TOAWIV – The Battle of Cambrai 1917 – Turn 2

Previously on The Battle of Cambrai… we’ve bulldozed two holes in the German defensive line with an impressive saturation of our Mk. IV tanks, now we have to push further and yet consolidate these lanes of victory to keep them open.

To get you in the mood, watch the first moments in Battlefield 1’s single player Campaign, where you get to drive a Mk. V tank through Ribecourt towards Cambrai in 1918.

I realise it’s not historically accurate, I doubt the landships moved at that pace, or had 360 degree zoomable sniper scope sights on both the Lewis machine guns nor the 6 pounders, but it does give you a feel for the chaos (especially when I’m playing it so badly) and the majesty of these first tanks.

Through the Mud and the Blood, to the Green fields beyond!

In Turn 1, I made a mistake. I labelled up the Situation Briefing shots as Brief Brief and Full Briefing, but I got them the wrong way round. The smaller windowed Brief Brief is actually the first part of a multi-boxed dialogue set, with left/right arrows to step through the other more in-depth information.

Ok, so on with Turn 2.

Here is the situation briefing (the “brief brief”), 16 turns left, we’re 70% proficient and our supply looks pretty good.

Victory scores are calculated based on what Victory positions you hold, what losses you have sustained, and can even include Victory Events coded in by the scenario developer. At the moment we’re not that far into it, so the state is currently a draw. But it’s only Turn 2. Chin up soldier!

At the beginning of every new Turn you get a News Summary. Nothing much to report here, but our shock bonuses return to normal, now that the element of surprise has gone.

So here is the state of play at the beginning of Turn 2. We’re just shy of moving into Bourlon Wood in our Northern breakthrough, and we’re just shy of moving troops into Masnieres in the South.

Checking our supply levels, it is pretty good amongst the tightly packed frontlines, with only drop off in the breakthrough areas surrounded by enemy. I think enemy zones of control (ZOC) and terrain both have an effect on supply levels, plus distance away from supply depots or units. We’re just over half supply in Flesquires.

Taking in the overview of our Air power, we have a slight air superiority strength and we’re exerting a 2% interdiction level on the enemy. That doesn’t sound all that effective, but it is WW1.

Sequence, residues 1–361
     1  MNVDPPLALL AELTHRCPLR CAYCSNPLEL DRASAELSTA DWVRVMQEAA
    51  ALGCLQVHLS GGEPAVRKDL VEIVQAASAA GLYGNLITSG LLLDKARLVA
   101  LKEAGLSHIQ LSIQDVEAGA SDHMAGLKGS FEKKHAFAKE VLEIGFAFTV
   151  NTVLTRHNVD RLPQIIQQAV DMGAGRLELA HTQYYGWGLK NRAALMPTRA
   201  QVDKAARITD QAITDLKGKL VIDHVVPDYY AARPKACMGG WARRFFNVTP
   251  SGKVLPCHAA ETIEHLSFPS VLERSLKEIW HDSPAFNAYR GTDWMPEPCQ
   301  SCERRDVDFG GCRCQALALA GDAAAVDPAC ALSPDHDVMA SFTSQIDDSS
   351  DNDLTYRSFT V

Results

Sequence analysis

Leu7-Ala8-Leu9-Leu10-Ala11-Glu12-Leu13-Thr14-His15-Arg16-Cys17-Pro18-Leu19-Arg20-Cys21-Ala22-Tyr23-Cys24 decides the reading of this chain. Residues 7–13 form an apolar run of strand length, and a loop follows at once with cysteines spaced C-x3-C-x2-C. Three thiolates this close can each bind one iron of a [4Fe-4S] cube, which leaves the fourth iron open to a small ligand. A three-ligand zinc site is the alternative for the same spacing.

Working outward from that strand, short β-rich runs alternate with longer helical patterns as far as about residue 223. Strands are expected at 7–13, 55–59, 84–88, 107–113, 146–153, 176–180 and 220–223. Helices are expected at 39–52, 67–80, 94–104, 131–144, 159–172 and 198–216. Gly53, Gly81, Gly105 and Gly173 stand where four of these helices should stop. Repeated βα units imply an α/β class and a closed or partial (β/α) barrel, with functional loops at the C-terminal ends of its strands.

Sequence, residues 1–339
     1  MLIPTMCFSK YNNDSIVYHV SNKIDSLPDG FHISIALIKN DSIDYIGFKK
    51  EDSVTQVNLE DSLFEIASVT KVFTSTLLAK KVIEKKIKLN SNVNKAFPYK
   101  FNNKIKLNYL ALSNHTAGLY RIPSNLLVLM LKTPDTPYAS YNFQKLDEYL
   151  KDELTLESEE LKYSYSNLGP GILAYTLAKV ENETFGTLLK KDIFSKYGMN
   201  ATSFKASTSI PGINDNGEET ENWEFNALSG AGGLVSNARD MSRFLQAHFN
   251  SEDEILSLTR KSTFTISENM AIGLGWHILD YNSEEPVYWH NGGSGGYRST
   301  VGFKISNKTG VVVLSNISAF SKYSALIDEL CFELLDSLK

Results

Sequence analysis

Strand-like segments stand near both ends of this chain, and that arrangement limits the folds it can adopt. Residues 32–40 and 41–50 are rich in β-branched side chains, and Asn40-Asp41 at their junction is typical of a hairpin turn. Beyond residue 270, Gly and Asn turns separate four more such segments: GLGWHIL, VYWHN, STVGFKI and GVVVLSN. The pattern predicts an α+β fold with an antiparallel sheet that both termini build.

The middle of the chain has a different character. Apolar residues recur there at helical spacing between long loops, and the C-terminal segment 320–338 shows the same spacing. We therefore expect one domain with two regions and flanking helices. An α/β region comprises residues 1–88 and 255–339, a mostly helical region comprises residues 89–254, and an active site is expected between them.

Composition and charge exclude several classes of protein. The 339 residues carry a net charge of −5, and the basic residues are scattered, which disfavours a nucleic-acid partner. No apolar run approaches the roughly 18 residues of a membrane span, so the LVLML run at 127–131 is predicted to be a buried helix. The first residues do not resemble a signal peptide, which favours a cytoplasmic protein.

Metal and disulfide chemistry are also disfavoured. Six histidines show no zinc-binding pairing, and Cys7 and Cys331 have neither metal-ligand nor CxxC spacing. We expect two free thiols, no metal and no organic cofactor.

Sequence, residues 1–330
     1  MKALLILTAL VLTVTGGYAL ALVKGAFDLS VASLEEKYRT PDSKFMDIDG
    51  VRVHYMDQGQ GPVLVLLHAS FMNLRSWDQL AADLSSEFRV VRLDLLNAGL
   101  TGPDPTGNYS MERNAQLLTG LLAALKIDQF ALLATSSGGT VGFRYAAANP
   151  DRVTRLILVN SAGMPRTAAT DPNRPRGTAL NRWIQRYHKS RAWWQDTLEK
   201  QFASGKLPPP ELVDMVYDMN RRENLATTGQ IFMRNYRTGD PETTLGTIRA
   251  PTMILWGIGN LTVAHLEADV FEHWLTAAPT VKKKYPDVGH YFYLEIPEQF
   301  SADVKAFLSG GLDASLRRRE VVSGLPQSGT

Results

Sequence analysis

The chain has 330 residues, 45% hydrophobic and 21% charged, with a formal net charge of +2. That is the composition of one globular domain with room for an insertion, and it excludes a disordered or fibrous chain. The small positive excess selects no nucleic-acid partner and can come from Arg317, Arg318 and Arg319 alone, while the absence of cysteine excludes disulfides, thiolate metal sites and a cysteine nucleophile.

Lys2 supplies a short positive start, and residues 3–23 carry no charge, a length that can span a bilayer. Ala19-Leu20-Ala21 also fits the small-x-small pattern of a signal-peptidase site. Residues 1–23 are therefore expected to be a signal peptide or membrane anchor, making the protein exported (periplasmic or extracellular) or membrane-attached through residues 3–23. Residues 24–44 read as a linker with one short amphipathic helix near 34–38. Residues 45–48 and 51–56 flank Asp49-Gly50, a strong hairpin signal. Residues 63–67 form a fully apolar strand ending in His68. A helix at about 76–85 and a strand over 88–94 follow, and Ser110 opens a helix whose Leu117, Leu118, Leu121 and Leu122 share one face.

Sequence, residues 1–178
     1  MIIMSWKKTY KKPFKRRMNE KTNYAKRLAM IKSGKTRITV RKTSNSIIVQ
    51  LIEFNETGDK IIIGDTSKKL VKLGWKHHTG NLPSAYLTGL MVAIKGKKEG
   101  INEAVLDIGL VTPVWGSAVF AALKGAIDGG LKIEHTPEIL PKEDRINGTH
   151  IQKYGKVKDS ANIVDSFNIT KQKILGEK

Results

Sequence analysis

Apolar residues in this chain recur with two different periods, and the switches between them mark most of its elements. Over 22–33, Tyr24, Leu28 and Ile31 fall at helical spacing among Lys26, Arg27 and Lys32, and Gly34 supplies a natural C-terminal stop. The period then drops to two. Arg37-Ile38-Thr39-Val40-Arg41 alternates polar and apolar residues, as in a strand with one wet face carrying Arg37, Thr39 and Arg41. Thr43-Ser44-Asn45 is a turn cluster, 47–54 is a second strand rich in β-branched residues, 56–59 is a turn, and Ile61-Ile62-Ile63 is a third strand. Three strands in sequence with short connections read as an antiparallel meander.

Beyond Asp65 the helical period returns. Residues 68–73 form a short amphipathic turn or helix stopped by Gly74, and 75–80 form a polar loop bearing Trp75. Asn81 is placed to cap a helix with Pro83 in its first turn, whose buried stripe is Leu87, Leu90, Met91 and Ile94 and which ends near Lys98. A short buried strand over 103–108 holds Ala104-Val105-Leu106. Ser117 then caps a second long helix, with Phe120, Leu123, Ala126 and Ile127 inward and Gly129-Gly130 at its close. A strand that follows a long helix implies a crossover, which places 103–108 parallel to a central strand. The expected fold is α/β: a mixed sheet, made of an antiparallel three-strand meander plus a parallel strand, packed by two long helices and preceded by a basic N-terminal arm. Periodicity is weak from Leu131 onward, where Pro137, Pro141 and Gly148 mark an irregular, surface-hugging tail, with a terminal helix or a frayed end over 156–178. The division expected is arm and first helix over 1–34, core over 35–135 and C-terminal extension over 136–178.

Interesting to look at the expected reinforcements listed, and to keep track of the turns that they arrive. What is worrying is that on Turn 6 we have units scheduled for Withdrawal!!! The 36th Division is going to be pulling out by the 25th November 1917! Holy Moly I hadn’t expected loss of troops due to withdrawal. Might have to pay closer attention to this sort of thing.

This very turn we’ve had some reinforcements arrive and luckily there is a report window for recent comings and goings. The 40th Division with its HQ, Artillery and supporting Infantry Brigades have shown up on the western edge of the map.

So my first decision follows my obsession with getting units into Bourlon Woods. To give us a foothold commanding the road from Cambrai going westwards, and to look towards taking the high ground at Bourlon itself. I decide its time to ride my fresh Cavalry forward and settle them into the cover of the woods.

More Cavalry support pouring through the corridor made by the Mk IV’s. This time feathering out to hopefully add impetus to any future pushes on Bourlon itself. I should mention that recently reading the history of this battle, the Cavalry push was found lacking around Bourlon Woods, so my decisions are not totally uninformed. Perhaps I’m righting a misstep in history in the hope that the mistakes of the past will serve me well in this game?

The last of my Cav move up as far as their movement allows. I’m keenly aware of the fragility of my forward units here, so whatever I can muster I try to move up.

Finally those fresh troops from the 40th Division move into the front line.

Now its time to bolster the Masnieres vanguard with a HQ, Artillery and some supporting infantry.  I need to slowly edge my back line forward a little to give the forward troops the best chance of supply and over-reaching barrages.

You can see my 9 hex stack directly facing the Masnieres defense.

Its at this point that I lose my mind. My train of thought is hijacked with widening the front to provide more troops in adjacent hexes for any attack on Masnieres. I think its partly because an attack from a single direction just feels wrong. And it’s partly because I saw a weakly defended (defense: 8) chit – even in its fortified state – and I wanted to punch that hole wider. Force the enemy back, so I can roll more support forward.

I set up the attack with select units so as not to push the round requirements over 1 round, even though the losses are heavy and my chance of success is said to be pretty poor (I’m becoming a bit nonchalant about the planner’s predictions).

I also set up a couple of supporting bombardments around Bourlon Wood.

Now I decide its time to take stock of what I have stationed both North and South.

Checking the units stationed outside Bourlon, in the Woods, I have a Cavalry Brigade and a Tank Company.

Adjacent to that I have 3 Cavalry Brigades and 2 Tank companies.

Behind the vanguard, I have 2 Cavalry Brigades, 1 Infantry Brigade and a Tank Company.

Finally holding the northern “neck” open, I have a Command HQ, Artillery Brigade, 3 Infantry brigades and a tank company.

The Masnieres vanguard has a HQ, Arty, 2 Infantry Brigades and 4 Tank Companies. Acutely aware that they are surrounded by the enemy on four sides.

I’m starting to have my doubts about the Southern attack.